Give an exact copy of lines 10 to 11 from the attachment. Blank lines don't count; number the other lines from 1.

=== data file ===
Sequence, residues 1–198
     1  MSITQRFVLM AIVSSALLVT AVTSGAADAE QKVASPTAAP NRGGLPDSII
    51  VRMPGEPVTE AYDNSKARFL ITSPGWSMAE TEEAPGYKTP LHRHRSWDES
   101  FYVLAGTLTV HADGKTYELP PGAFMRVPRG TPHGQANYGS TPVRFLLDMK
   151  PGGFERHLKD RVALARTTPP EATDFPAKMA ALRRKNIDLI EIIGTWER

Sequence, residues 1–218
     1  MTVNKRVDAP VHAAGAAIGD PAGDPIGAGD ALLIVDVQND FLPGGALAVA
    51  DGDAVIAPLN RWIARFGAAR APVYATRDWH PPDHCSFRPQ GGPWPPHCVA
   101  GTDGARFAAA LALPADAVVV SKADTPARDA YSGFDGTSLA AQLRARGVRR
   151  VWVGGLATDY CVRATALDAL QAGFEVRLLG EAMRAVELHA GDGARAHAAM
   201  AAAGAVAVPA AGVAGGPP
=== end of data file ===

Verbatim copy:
   151  VWVGGLATDY CVRATALDAL QAGFEVRLLG EAMRAVELHA GDGARAHAAM
   201  AAAGAVAVPA AGVAGGPP